Summary

Harbor seals populations in Washington State have recovered since the 1970s and population sizes may be near a stable equilibrium level, perhaps reflective of the current carrying capacity of the environment. Because of their high trophic position, harbor seal contaminant loads may be used as indicators of pollution levels in Puget Sound (Ross et al. 2004), and have been suggested as possible indicators of other types of anthropogenic change (climate change, fishing activities) (Hindell et al. 2003) and fish community composition (Lance and Jeffries 2007).

Literature Cited

Carretta, J. V., K. A. Forney, M. M. Muto, J. Barlow, J. Baker, B. Hanson, and M. Lowry. 2007. United States marine mammal stock assessments: 2006. National Marine Fisheries Service, La Jolla, CA.

Carretta, J. V., K. A. Forney, M. M. Muto, J. Barlow, J. Baker, and M. Lowry. 2004. U.S. Pacific Marine Mammal Stock Assessments: 2003. NOAA Technical Memorandum NMFS-SWFSC-358.

Cullon, D. L., S. J. Jeffries, and P. S. Ross. 2005. Persistent organic pollutants in the diet of harbor seals (Phoca vitulina) inhabiting Puget Sound, Washington (USA), and the Strait of Georgia, British Columbia (Canada): A food basket approach. Environmental Toxicology and Chemistry 24:2562-2572.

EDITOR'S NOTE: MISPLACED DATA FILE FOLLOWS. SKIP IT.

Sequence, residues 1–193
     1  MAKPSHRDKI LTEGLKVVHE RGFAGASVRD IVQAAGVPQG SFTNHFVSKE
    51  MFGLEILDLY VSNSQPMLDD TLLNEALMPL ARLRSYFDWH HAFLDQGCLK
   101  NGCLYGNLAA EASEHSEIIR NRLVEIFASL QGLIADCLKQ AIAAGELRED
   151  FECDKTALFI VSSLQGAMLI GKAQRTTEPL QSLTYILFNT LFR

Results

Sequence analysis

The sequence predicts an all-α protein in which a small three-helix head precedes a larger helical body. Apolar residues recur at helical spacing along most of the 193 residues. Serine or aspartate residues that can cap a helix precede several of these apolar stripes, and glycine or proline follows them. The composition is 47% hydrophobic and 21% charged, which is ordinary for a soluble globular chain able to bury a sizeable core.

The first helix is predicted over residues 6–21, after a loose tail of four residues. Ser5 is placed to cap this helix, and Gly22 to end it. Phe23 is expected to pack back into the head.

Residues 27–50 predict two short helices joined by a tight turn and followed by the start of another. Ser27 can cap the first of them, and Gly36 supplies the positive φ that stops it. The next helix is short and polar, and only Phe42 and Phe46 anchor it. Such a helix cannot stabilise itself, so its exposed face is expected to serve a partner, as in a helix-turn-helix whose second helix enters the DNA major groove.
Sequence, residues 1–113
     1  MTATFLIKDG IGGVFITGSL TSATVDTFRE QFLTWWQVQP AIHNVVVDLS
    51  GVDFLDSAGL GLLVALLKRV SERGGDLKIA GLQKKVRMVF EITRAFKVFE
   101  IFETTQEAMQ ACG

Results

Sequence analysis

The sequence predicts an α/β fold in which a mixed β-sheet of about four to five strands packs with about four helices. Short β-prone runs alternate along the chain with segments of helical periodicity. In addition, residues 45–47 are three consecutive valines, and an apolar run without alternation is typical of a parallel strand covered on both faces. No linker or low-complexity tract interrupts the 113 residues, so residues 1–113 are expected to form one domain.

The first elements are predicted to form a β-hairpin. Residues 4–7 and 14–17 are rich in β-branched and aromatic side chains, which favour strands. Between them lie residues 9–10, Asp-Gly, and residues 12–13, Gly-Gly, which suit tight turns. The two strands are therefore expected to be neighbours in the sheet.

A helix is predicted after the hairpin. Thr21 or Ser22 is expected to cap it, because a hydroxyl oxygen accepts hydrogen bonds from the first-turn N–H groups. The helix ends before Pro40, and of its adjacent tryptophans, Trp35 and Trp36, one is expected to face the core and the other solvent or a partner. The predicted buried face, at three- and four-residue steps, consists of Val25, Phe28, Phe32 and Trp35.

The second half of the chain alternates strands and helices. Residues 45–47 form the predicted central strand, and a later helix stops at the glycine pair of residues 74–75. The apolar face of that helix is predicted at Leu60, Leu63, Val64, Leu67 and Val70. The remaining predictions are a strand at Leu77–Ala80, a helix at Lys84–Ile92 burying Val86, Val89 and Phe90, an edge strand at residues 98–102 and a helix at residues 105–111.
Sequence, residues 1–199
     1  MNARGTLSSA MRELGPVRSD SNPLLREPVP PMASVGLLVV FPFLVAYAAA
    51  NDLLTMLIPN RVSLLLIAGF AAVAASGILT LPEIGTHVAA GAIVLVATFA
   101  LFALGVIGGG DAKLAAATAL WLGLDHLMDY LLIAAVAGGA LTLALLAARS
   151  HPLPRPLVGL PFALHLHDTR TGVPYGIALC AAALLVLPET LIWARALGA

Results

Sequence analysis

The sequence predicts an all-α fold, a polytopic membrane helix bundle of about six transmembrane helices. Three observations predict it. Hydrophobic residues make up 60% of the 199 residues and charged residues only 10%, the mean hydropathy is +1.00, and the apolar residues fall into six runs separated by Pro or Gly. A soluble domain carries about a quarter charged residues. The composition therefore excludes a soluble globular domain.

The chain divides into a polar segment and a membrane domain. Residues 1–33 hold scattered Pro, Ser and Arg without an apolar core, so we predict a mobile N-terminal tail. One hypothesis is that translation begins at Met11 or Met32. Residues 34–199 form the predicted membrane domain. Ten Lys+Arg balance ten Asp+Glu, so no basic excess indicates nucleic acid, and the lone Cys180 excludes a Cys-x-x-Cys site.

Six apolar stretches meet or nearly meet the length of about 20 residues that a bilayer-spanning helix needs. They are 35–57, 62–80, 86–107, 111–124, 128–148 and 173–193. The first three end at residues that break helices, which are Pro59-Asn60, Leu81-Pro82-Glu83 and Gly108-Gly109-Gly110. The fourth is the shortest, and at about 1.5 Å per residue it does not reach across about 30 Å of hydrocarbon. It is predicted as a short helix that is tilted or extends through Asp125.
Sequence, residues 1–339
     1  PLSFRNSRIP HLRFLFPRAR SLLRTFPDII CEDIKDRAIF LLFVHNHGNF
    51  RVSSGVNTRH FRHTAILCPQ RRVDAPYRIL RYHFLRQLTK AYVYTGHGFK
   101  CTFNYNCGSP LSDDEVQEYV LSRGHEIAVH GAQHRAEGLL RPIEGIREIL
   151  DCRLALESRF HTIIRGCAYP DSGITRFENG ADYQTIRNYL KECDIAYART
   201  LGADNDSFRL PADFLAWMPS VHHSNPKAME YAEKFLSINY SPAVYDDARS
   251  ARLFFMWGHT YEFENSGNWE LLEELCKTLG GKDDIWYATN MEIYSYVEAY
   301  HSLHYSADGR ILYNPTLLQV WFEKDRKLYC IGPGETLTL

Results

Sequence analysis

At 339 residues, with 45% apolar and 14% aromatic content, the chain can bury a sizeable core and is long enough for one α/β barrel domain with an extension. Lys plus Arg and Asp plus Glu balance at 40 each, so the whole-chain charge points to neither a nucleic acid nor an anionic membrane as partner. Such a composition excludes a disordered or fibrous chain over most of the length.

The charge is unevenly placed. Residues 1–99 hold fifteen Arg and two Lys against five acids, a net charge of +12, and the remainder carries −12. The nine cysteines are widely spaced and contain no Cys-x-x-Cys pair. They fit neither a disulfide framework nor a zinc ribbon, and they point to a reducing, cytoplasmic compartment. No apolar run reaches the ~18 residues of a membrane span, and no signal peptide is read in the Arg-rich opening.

Hayward, J., S. M. Henson, C. J. Logan, C. R. Parris, M. W. Meyer, and B. Dennis. 2005. Predicting numbers of hauled-out harbour seals: a mathematical model. Journal of Applied Ecology 42:108-117.

Hindell, M. A., C. J. A. Bradshaw, R. G. Harcourt, and C. Guinet. 2003. Ecosystem monitoring: Are seals a potential tool for monitoring change in marine systems? Page 446 in N. Gales, M. Hindell, and R. Kirkwood, editors. Marine mammals: fisheries, tourism, and management issues. CSIRO, Collingwood, VIC.